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Old 04-28-2009, 04:27 PM
 
31,370 posts, read 34,643,723 times
Reputation: 14950
Quote:
Originally Posted by swagger View Post
"Hate crime" laws are unjust. Motivation should be irrelevant.
I just don't understand the logic or illogic if you will of this argument. In the evaluation of every violent crime motivation, along with intent are well established parameters for evaluating not on the charge but the severity of punishment. For example in every state the death penalty requires the establishment of special circumstance which have to judge in a separate hearing before jury and considering the long history of racially and sexually motivated criminality in this country, why shouldn't issues of race, sex and sexual orientation be included when establishing the severity of punishment. If the argument were, "it is unjust to charge someone with a hate crime" ie, saying nasty racist, sexist or homophobic statements or even fomenting hatred along those lines, I could understand, but this isn't what we are talking about at all. We are talking about evaluating what punishment should be levied for already violent and heinous crimes.
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Old 04-28-2009, 05:24 PM
 
69,360 posts, read 60,000,670 times
Reputation: 9374
Quote:
Originally Posted by newtoli View Post
I know someone here in NY that was 100% gay bashed. Jumped because he was gay. It was hard enough to get the police to even press charges. The local PD actually said "well, he thought that he propositioned him".

He ended up not pursuing the hate crime angle of the attack, but was prepared to if the police did not press assault charges.
I know someone who took checks belonging to another individual and cashed them. Total $50,000. Police said that it was a civil matter because there was no proof that there wasnt permissing given to cash the checks and the guy had money to be taken.. Would that be a hate crime?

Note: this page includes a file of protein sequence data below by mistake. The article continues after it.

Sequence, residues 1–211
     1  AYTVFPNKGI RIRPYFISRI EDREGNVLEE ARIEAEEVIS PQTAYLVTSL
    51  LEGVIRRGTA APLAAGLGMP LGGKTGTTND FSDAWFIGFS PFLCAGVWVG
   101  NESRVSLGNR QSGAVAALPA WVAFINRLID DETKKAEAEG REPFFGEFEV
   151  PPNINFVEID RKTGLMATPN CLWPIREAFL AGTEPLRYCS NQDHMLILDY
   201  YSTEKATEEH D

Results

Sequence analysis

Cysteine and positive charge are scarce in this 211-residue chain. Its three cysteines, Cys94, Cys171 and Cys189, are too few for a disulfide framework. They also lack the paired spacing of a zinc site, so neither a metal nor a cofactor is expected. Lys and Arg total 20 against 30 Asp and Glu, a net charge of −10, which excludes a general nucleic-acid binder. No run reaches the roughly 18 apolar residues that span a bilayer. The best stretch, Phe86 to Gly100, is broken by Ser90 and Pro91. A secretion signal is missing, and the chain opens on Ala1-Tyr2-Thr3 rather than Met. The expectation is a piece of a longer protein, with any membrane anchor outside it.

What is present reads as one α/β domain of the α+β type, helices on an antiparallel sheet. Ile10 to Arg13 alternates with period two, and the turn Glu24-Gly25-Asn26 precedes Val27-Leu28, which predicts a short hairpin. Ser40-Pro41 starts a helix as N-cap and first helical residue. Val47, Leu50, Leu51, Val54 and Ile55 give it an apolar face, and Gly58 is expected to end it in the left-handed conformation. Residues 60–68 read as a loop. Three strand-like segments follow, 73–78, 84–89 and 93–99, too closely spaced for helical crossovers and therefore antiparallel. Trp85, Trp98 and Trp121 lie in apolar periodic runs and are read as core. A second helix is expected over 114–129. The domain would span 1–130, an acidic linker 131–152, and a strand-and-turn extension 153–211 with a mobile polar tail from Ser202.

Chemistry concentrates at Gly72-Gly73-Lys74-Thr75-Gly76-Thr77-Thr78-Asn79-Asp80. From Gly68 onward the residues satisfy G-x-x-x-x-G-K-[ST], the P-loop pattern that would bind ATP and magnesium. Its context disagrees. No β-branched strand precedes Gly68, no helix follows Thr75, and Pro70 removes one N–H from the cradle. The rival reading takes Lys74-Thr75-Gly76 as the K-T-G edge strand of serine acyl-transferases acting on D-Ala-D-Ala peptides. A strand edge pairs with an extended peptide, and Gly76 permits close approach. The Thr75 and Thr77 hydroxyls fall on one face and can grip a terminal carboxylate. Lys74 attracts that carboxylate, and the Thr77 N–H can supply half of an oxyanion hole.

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Old 07-22-2009, 04:53 AM
 
Location: Gary, WV & Springfield, ME
5,826 posts, read 9,109,954 times
Reputation: 17300
Quote:
Originally Posted by swagger View Post
I'm allowed to think whatever I want, right?
Not if this hate crimes bill passes. Not only will the reason you punched someone become paramount, what you think and say will be censored and tried to boot. It is the first in many efforts to come to completely change or discard our constitutional rights, particularly, the freedom of speech. But don't take my word for it:

Hate Crimes Bill
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Old 07-22-2009, 06:15 AM
 
Location: NJ/NY
10,632 posts, read 17,674,695 times
Reputation: 2818
Quote:
Originally Posted by AliceT View Post
Not if this hate crimes bill passes. Not only will the reason you punched someone become paramount, what you think and say will be censored and tried to boot. It is the first in many efforts to come to completely change or discard our constitutional rights, particularly, the freedom of speech. But don't take my word for it:

Hate Crimes Bill
That blogger and (you) should read the entire bill instead of just doing a search for "First Amendment":

SEC. 8. RULE OF CONSTRUCTION.

Nothing in this Act, or the amendments made by this Act, shall be construed to prohibit any expressive conduct protected from legal prohibition by, or any activities protected by, the Constitution.
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Old 07-22-2009, 06:23 AM
 
Location: Gary, WV & Springfield, ME
5,826 posts, read 9,109,954 times
Reputation: 17300
Quote:
Originally Posted by newtoli View Post
That blogger and (you) should read the entire bill instead of just doing a search for "First Amendment"
My search was for hate crimes bill. Nothing less, nothing more.
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Old 07-22-2009, 06:35 AM
 
Location: NJ/NY
10,632 posts, read 17,674,695 times
Reputation: 2818
Quote:
Originally Posted by AliceT View Post
My search was for hate crimes bill. Nothing less, nothing more.
Then why did you post that article?

The article you posted states that they removed the First Amendment protection from the bill, which they did not do.